St. Louis Circuit Attorney Jennifer Joyce says probation may be appropriate for first-time offenders, but not for what she calls “frequent flyers” who are receiving several chances at the risk of public safety.
“It is very frustrating to see this high percentage of individuals, charged with gun crimes, go right back on our streets, with little or no consequences,” Slay says.
A local criminologist says it looks like the judges aren’t any tougher on gun crimes here than they were in 2011.
“We arrest criminals and they say ‘I’m not worried about it. I got paper. I got probation the first time, and I’ll get paper the second time,'” complained a frustrated Police Chief Sam Dotson.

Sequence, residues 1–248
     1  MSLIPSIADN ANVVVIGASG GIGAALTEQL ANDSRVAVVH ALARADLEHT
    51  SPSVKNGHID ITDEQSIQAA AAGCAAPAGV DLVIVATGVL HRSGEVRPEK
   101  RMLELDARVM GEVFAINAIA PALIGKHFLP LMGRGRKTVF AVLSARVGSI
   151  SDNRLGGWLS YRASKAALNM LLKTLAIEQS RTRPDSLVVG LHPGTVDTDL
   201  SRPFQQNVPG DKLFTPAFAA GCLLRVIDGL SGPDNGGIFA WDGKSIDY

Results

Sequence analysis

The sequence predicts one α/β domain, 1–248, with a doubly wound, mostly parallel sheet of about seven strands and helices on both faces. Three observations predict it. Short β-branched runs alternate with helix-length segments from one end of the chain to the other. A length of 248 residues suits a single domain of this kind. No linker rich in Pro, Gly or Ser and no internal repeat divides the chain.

St. Louis Circuit Court Judge Margaret M. Neil may have played a role in this week’s wild, weaving shootout on Interstate 44 – without ever intending to.
A Jefferson County man is sentenced to six months in jail and six months probation for killing two puppies he claimed were “sick.”
St. Louis Mayor Francis Slay says at least some judges are hearing his concerns – stricter sentences for violent offenders is what he wants to see.
The officer-involved shooting happened before 4 p.m. Tuesday in the 4100 block of Minnesota in South St. Louis.
The man accused of crashing a stolen car in downtown St. Louis and running away from police while carrying a sawed-off shotgun was on probation for an earlier gun crime.
A study finds most suspects arrested for gun charges in the city of St. Louis never go to prison because of a loophole in state gun laws or the kindness of judges.